Putting a price on carbon has the potential to slash emissions

By Ed McCue on 16.05.18 

Pushing fossil fuels off the grid through green investments and carbon taxes is a good way to halt climate change. There are huge economic opportunities present as we shift to a green economy. Last year, China invested $132.6 billion in clean technology. Several European countries and cities are committed to axing petrol and diesel cars by no later than 2040, switching to electric alternatives. Profiting from emerging green markets early can ensure that cities like Manchester harvest the fruits of its inevitable growth.


Even banks, less known for their environmental conscious, are getting in on the act, signalling to the market that climate friendly infrastructure is worth investing in. Lloyds Banking Group is providing a further £2bn of funding for green finance commitments under its new Clean Growth Finance scheme. In March, NatWest pledged to deliver £10bn of lending to UK renewable energy and energy efficiency projects by 2020. HSBC are due to stop funding for new fossil fuel industries.


Green investment in cities via nature-based solutions (NBS) is the vision conceived by five-year EU project GrowGreen. Manchester boasts frontrunner city status, along with Valencia, Wroclaw and Wohan, in a project running from 2017 to 2022, that aims to support the creation of NBS strategies at a city level, using greenery to inspire solutions to major urban challenges, such as flooding, poor air quality and unemployment.


Green investments could be funded for by hypothecated taxes on what is bad for the environment – solving one environmental problem by eliminating another, reallocating funds and resources towards a greener economy.  Putting a price on carbon in the form of a tax on the producers of fossil fuels would help to reduce emissions. The carbon tax, or carbon floor price, only applies at the point of generation, so producers are only required to pay it.


The revenue raised could subsidise alternative forms of renewable energy or research and development into new or existing technologies to find ways to reduce emissions. Higher carbon prices could accelerate the developments of smart grids and renewables.


Under a carbon tax, the firms that are best able to reduce emissions gain a competitive advantage. In the long run, the more inefficient producers can’t hide behind weak regulation and won’t be able to compete.  At the same time, it creates an incentive for new clean technologies and renewable innovations to come to market.


A report published by MIT and National Renewable Energy Laboratory last month presented the benefits of setting a carbon tax. If designed properly, it would not need be regressive or damaging to low-income households, according to the study.


Some experts believe that a carbon tax is essential if we are to meet the 2015 Paris Agreement goals and that carbon prices should at least double by 2021 across the EU.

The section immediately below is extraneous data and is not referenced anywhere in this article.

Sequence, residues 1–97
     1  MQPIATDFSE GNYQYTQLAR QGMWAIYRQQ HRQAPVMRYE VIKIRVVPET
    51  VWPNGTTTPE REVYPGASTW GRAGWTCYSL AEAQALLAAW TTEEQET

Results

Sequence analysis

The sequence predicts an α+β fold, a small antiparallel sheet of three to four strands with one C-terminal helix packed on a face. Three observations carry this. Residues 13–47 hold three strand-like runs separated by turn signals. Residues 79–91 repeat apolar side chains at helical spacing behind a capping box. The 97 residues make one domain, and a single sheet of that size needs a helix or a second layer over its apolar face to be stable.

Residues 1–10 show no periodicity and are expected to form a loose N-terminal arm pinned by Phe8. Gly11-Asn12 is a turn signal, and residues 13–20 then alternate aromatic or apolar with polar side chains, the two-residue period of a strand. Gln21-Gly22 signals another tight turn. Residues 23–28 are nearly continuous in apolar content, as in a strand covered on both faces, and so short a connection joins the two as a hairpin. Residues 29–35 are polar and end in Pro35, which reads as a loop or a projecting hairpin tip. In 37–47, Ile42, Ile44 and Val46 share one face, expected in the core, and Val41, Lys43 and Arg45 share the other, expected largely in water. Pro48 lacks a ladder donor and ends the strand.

The UK’s strong performance in low-carbon electricity usage, whereby it jumped from 20th in 2012 to 7th last year, in a league table out of a list of 33 industrialised countries, was down to a carbon tax which was imposed in 2013. Britain’s 13 place rise in four years is the fastest ascent of any country, according to Imperial College London, who authored the report. Between those years, the amount of coal-fired power generation in Britain has fallen 80 percent.


Currently the tax stands at £23 per ton of carbon dioxide emitted in producing electricity – almost five times more than in some other EU and industrialised nations. However, the government is committed to freezing the charge until 2020, when it is set to increase.


According to the energy consultancy Aurora, leaving the price at its current level could risk coals revival, but increasing it to £40 a tonne by 2025 would eventually drive coal out of the UK energy mix without additional regulation. As a member of the EU’s carbon trading scheme, UK electricity producers must also pay a market-based price (about £5 per ton of CO2) for carbon credits.


But not all countries enforce carbon taxes and those that do enforce different prices. Australia’s third straight year of rising emissions was predominantly caused by a stop to their carbon tax in 2014.


Fiscal intervention in the other UK markets with an environmental agenda have also deemed successful so far and it is hoped that carbon taxes continue the trend. England’s plastic bag usage has dropped 85% since the 5p bag charge was introduced. Last month the Government announced plans to set aside £61.4m to fight plastic waste. Bans to single-use plastic items such as disposable coffee cups, plastic straws and wet wipes are too on the horizon.


Not only will a ban on single use plastics in the UK help to clean our oceans and waterways, but its fall in demand may eventually dent the growth in demand for oil, over the next two decades, according to BP.


April also saw the Governmental announcement that they would soon ask the Committee on Climate Change for advice on how to strengthen our emissions reduction targets to bring them in line with the Paris Agreement. Could the carbon tax be used to further strengthen our environmental commitments? It won’t be sufficient on its own to limit temperatures to well below 2oC, but it does have an important role to play.


Achieving our climate goals can only be fulfilled when we understand the critical role that the free-market and business play, and how they interact with regulatory barriers. Going green is a good investment. Taxing our way our of fossil fuels could be equally attractive.